A BOSS takes credit.

A LEADER gives credit.

Leaders of organizations must understand the importance of putting their most valuable resource—their employees—first. Any officer who has the opportunity should promote those that work for him. Every interview should be about the men and women who worked tirelessly and aggressively toward the common goal of saving lives and protecting property.

Leaders look for and take advantage of every opportunity to give credit to their employees. There are no firefighters who want to be recognized for “just doing the job.” However, every firefighter should be recognized when he goes above and beyond; departments should conduct award ceremonies that acknowledge these individuals and teams. These ceremonies should not be an opportunity to give everyone a trophy; we are not and should not be like little league (where everyone gets a trophy). But, when someone in your organization goes above and beyond, he should be recognized.

Beyond ceremonies a leader should use two simple words every day that goes a long way. A sample “Thank You” is something that many leaders forget to use that should be used every day! But, it must not be lip service it must be genuine.

 

A BOSS says “I.”

A LEADER says “We.”

No leader should use the word “I” in an interview or conversation when speaking about an incident or the organization. All too often, we see so-called “leaders” write articles or blogs, conduct TV interviews, or teach a class where some will start counting the numbers of “I” in the conversation. A leader will say, “The men and women of my company, organization, and department…” Leaders know it’s about the employees and not about them.

Tip: If you are a “leader,” go back and read your articles and blogs, watch your TV interviews, and analyze your work. If you are using the letter word “I” more than “we” or “they,” you have work to do.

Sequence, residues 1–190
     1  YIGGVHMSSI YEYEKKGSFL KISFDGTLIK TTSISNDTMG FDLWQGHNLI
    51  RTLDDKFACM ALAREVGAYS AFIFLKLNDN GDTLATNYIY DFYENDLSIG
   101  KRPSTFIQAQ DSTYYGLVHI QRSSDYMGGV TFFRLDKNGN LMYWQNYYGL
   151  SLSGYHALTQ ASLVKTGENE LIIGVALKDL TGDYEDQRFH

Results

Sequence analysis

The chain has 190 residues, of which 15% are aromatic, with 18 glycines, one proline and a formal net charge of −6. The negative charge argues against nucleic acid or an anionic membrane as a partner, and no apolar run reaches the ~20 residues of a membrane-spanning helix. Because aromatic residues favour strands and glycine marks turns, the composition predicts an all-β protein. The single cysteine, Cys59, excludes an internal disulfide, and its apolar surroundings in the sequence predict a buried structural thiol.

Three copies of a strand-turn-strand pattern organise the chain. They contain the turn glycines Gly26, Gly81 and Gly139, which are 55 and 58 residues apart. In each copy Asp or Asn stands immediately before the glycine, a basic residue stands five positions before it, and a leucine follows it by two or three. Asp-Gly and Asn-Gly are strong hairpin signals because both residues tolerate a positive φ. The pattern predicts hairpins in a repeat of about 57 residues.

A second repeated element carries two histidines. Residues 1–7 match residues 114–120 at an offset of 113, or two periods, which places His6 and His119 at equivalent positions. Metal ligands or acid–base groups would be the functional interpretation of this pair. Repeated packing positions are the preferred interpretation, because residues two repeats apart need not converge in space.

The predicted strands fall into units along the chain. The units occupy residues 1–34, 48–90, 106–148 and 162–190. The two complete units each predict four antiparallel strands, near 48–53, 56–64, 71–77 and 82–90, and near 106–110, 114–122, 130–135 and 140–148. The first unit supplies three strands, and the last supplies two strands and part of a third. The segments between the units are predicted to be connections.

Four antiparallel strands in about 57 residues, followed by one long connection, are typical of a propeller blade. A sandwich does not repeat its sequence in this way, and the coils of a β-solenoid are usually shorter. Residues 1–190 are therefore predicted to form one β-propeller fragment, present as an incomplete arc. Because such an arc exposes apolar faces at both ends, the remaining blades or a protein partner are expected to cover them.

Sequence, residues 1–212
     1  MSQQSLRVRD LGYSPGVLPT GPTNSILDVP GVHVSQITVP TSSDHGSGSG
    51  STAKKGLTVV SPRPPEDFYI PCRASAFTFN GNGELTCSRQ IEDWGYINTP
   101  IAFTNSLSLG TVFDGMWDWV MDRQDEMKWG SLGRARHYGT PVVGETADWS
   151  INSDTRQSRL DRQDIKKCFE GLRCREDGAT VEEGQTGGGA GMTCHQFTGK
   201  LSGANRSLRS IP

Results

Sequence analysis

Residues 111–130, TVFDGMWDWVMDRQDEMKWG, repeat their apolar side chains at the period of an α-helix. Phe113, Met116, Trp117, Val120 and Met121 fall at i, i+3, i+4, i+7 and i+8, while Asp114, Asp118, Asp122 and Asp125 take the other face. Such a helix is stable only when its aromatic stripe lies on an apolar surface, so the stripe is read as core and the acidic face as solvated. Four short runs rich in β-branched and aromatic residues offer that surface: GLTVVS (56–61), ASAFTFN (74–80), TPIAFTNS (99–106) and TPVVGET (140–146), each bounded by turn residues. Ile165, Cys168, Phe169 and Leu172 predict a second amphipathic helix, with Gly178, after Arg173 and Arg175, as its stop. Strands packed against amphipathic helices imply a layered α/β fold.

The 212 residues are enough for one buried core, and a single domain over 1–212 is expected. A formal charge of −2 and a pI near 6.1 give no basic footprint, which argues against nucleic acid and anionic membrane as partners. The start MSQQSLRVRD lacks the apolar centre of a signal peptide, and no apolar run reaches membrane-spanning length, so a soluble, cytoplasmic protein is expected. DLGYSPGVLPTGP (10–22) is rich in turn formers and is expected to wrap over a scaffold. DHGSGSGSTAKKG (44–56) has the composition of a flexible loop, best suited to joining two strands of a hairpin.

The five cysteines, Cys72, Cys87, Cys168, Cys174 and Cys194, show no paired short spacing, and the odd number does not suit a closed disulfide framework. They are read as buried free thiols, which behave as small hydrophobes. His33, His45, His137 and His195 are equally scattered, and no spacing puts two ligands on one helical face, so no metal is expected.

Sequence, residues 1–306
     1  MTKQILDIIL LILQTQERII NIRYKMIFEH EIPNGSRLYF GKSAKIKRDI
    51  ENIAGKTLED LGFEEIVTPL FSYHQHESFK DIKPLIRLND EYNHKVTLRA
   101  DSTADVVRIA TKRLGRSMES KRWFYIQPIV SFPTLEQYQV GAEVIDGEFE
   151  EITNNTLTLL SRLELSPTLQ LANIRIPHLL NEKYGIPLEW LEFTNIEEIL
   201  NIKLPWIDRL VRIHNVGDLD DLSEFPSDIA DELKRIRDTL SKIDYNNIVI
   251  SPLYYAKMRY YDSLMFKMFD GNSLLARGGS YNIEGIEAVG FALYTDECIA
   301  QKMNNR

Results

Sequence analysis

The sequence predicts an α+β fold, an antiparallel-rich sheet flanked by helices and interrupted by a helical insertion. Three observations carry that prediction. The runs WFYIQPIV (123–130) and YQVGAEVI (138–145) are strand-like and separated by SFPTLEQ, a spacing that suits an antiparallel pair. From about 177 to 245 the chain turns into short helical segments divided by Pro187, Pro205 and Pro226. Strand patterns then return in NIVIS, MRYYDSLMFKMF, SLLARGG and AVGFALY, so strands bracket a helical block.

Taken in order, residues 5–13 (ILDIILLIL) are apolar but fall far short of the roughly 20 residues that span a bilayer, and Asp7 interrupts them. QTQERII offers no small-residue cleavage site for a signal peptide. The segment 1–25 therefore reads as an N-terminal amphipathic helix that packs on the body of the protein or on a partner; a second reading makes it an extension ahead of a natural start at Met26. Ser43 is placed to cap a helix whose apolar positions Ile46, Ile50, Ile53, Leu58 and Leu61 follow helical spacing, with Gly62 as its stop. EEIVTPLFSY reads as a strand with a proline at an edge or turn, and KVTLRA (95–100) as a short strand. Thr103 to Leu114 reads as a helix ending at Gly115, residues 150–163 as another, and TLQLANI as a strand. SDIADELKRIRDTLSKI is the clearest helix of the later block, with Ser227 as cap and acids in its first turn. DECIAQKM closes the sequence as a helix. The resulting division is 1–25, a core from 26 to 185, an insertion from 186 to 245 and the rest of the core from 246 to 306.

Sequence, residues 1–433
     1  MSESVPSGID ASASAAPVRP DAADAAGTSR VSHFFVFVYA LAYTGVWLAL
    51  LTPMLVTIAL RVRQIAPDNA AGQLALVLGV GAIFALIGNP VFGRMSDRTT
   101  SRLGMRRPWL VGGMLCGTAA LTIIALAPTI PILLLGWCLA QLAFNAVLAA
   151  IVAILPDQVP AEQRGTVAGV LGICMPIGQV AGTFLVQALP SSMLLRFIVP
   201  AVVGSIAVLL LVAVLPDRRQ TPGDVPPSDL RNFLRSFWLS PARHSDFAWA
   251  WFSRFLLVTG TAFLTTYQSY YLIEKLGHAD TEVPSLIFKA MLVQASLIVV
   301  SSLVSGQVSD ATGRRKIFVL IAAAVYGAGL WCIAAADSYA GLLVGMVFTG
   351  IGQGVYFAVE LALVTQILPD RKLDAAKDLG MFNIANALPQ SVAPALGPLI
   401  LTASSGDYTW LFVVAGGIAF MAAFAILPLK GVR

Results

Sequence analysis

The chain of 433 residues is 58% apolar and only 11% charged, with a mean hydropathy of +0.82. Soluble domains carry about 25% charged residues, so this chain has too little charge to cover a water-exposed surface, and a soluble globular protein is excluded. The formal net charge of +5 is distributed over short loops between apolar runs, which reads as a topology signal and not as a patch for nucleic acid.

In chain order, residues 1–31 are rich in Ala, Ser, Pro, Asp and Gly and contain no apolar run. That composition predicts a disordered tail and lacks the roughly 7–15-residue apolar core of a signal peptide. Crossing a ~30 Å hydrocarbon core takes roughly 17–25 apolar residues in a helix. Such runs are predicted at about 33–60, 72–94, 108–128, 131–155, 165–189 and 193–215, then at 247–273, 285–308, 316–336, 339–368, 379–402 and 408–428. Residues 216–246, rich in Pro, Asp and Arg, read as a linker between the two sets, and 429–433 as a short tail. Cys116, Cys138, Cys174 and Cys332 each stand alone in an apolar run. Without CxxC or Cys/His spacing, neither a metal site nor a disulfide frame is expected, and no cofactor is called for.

Leaders have many responsibilities and, in many organizations, the tasks often outweigh the time available each day to complete them. True leaders realize the challenges, but they also understand what leadership is truly about. It’s about the people who work for you to meet the mission of saving lives of those in need. It’s about them, it’s not about you.

Author’s note: Fire Engineering Books and Videos has some spectacular titles, including two from my favorite fire service leadership writer—Frank Viscusso. Step Up and Lead and Step Up Your Teamwork are two of his books that every current and future leader should have! There are other good titles as well, but I consider Frank a friend and mentor, and I wanted to share his books here.

 

P.J. NORWOOD is a deputy chief training officer for the East Haven (CT) Fire Department and has served four years with the Connecticut Army National Guard. He has authored Dispatch, Handling the Mayday (Fire Engineering, 2012); coauthored Tactical Perspectives of Ventilation and Mayday DVDs (2011, 2012); and was a key contributor to the Tactical Perspectives DVD series. He is a Fire Engineering University faculty member, co-creator of Fire Engineering’s weekly video blog “The Job,” and host of a Fire Engineering Blog Talk Radio show. He is certified to the instructor II, officer III, and paramedic levels.